Feeding On Dreams: Confessions Of An Unrepentant Exile

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Melbourne University Publishing, Jun 1, 2012 - Biography & Autobiography - 352 pages
3 Reviews
Dorfman portrays, through visceral scenes and powerful intellect, the personal and political maelstroms underlying his migrations from Buenos Aires, on the run from Pinochet's death squads, to safe houses in Paris and Amsterdam, and eventually to America, his childhood home. The toll on Dorfman's wife and two sons, the 'earthquake of language' that is bilingualism, and his eventual questioning of his allegiance to past and party - all these crucibles of a life in exile are revealed with wry and startling honesty. Feeding on Dreams is a passionate reminder that 'we are all exiles', that we are all 'threatened with annihilation if we do not find and celebrate the refuge of common humanity', as Dorfman did during his 'decades of loss and resurrection'.

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Review: Feeding on Dreams: Confessions of an Unrepentant Exile

User Review  - John - Goodreads

If you are considering reading this book, an excellent short introduction or taster is provided by this article (link provided by another Goodreads reviewer): http://chronicle.com/article/My-Lost ... Read full review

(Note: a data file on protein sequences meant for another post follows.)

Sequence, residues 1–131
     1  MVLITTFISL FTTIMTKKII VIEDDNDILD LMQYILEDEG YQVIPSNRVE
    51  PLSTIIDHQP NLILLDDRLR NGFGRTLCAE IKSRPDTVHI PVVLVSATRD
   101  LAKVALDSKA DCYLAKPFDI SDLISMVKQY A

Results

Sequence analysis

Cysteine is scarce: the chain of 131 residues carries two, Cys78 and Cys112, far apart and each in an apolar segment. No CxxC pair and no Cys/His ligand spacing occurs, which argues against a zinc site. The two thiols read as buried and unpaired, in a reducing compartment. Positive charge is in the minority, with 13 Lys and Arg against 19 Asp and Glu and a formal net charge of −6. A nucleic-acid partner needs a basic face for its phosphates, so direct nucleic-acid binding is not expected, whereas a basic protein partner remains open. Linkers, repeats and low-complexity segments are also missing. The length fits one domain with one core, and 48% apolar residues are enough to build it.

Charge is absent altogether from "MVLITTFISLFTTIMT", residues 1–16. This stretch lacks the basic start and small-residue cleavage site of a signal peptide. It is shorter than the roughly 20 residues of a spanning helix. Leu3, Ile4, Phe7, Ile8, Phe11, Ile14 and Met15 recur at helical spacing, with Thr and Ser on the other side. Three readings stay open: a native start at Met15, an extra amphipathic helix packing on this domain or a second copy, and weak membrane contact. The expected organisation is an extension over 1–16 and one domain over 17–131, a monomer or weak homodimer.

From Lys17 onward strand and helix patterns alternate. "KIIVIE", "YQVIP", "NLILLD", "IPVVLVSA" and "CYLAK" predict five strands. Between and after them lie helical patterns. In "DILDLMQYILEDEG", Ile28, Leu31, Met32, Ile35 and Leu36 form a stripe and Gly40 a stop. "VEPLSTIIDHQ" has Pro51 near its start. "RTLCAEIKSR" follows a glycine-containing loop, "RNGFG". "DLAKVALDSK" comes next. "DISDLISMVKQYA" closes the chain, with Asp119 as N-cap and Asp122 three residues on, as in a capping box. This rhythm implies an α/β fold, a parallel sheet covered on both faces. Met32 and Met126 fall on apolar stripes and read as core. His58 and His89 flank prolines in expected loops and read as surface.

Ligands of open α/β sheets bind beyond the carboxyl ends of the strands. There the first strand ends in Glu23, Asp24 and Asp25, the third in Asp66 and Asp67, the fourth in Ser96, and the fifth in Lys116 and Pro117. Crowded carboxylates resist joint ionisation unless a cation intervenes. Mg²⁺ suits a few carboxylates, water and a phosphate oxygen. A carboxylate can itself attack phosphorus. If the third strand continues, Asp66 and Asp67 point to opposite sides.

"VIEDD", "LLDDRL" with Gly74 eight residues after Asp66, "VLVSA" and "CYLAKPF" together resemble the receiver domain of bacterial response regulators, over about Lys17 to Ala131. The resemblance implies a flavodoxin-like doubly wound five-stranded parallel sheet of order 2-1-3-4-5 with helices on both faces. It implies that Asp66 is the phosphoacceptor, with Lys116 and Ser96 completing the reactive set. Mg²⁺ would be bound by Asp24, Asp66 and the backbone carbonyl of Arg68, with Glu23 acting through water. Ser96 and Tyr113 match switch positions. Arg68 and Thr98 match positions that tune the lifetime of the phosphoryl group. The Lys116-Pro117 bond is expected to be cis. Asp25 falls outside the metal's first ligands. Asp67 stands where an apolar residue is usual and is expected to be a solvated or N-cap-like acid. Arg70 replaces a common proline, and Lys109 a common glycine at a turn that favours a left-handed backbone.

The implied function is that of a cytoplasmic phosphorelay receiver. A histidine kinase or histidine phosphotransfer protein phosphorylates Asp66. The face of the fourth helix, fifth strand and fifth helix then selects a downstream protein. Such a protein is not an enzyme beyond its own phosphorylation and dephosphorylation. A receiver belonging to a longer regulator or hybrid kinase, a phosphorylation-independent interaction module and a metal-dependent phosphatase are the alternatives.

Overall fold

Review: Feeding on Dreams: Confessions of an Unrepentant Exile

User Review  - Ebtihal Abuali - Goodreads

I've read an essay that is based on this book on the following link and immediately fall in love with this author! I will find the book and read it. http://chronicle.com/article/My-Lost-... Read full review

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About the author (2012)

Chilean-American author and human rights activist Ariel Dorfman's many internationally acclaimed works of poetry, fiction, and nonfiction include his bestselling memoir, Heading South, Looking North, which was the basis for the documentary film A Promise to the Dead, directed by Peter Raymont and shortlisted for the Oscars in 2008. His play Death and the Maiden, staged in over 100 countries, was made into a feature film by Roman Polanski. Dorfman is a frequent contributor to the New York Times, Los Angeles Times, Washington Post, New York Times Book Review and Huffington Post. He is Walter Hines Page professor of literature and Latin American studies at Duke University, and his numerous international honors include his delivery of the Mandela Lecture in Johannesburg in 2010.

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